East Coast continues to shovel through remains of massive blizzard

Nancy Campbell of Winchester, Va. uses a broom to clear snow from the roof of her Jeep Sunday, Jan. 24, 2016, after an historic winter storm dumped more than 30 inches of snow in the area. (Jeff Taylor/The Winchester Star via AP)

Day two.

Cleanup continues following the massive blizzard that tore through the East Coast, leaving record snowfall, and plenty of work behind for people trying to dig out cars and driveways filled with more than two feet of snow.

According to The Associated Press, at least 31 people have died as a result of the storm - ranging from car accidents, carbon monoxide poisoning, and heart attacks due to shoveling.

RELATED LINK: East Coast begins to dig out in wake of #Blizzard2016

The storm began Friday, and continued through early Sunday morning.

In Silver Spring, Md., the heavy snow managed to cripple a local church, causing the roof to collapse under the pressure.

Public transportation and Metro services began limited service Monday.

Those lucky enough to free vehicles and clear roads of the snow headed to work, while others were forced to wait for plows to enter neighborhoods to clear the way in D.C.

Time-lapse videos give a glimpse of the torrential downpour of snow that was left behind for people to clear.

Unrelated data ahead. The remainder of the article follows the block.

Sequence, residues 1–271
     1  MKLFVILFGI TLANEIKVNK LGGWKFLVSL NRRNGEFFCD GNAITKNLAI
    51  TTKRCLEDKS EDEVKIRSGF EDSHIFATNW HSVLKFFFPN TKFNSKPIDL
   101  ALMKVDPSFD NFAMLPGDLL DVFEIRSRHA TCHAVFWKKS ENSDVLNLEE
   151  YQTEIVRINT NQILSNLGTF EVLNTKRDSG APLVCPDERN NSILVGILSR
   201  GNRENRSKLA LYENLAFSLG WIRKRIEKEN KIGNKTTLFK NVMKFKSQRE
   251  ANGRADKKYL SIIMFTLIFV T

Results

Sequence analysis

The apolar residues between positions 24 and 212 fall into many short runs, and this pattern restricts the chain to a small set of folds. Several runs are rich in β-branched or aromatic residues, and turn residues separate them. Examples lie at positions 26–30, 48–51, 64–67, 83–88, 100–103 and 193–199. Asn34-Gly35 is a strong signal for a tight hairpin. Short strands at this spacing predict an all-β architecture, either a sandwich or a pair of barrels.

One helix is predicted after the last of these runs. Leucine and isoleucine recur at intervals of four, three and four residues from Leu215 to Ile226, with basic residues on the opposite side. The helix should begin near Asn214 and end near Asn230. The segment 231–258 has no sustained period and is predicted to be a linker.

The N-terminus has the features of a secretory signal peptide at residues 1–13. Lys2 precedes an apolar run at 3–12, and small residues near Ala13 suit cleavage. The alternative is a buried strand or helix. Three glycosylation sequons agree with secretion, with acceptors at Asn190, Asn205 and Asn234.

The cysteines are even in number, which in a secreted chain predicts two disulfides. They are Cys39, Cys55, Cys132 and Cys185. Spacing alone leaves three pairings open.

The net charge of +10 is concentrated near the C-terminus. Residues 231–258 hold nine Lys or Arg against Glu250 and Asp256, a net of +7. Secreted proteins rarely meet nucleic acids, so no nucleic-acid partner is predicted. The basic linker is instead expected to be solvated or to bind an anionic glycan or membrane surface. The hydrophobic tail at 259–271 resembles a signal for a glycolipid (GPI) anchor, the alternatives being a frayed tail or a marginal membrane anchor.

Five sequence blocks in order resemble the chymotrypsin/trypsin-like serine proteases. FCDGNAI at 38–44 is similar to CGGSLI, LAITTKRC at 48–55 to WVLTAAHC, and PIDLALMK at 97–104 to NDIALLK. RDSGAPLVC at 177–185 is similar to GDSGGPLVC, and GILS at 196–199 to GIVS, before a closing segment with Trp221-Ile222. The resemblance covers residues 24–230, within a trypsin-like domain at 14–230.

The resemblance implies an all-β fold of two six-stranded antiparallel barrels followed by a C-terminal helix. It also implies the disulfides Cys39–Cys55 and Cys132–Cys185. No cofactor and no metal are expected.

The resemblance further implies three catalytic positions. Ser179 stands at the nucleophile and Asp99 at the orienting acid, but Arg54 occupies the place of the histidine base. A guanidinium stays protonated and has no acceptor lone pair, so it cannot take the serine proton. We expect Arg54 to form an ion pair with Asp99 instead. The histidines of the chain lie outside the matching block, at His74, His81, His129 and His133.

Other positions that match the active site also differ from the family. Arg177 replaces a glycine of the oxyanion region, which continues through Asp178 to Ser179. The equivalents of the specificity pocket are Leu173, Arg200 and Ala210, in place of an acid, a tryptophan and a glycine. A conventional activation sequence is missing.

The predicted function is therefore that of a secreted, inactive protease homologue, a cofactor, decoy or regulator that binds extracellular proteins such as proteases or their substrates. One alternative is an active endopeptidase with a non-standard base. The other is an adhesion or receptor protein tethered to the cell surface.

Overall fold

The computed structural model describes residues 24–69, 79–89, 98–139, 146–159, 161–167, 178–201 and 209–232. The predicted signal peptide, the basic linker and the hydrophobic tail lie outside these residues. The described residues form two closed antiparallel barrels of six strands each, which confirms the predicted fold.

In Baltimore, Md., crews worked around the clock to clear the runways and get passengers to their destinations after a complete shutdown at the airport.

More than 2,500 flights were delayed or canceled Monday; a vast improvement compared to the weekend.

Snow piles grew higher and higher as people worked to clear pathways and driveways, creating difficult conditions for those heading to work.

A photo released by NOAA showed the massive snow cover, as Baltimore logged more than 29 inches of snow at BWI airport.

Pennsylvania reported six deaths due to storm-related issues.

"Our crews worked long and hard over the weekend to stay on top of the 10 to 30 inches of snow that blanketed much of the state," said PennDOT Secretary Leslie S. Richards. "We are gratified that many drivers heeded our warnings to postpone travel, and now we continue to wrap up and be prepared for whatever is coming our way in the weeks ahead."

The focus there involved moving already plowed snow to further widen streets.

Public officials asked for patience as they worked to remove snow from the roads as many neighborhoods were buried.

According to records compiled by WCHS, more than 18 inches fell in Charleston, W.Va.

Scraped from roads, sidewalks and driveways, one of the biggest snowfalls in Charleston's history found it's way to a location meant for it to mealt: Frank Polk Field behind the North Charleston Community Center at a baseball field.

Dumps truck crews from the city of Charleston, along with help from outside contractors, were busy Monday morning.

There is now a huge pile of snow, getting bigger by the minute, at the edge of a baseball field in the parking lot.

The idea is that all the snow will melt and go into a nearby creek, which will then flow into the Kanawha River.

Information from The Associated Press contributed to this report

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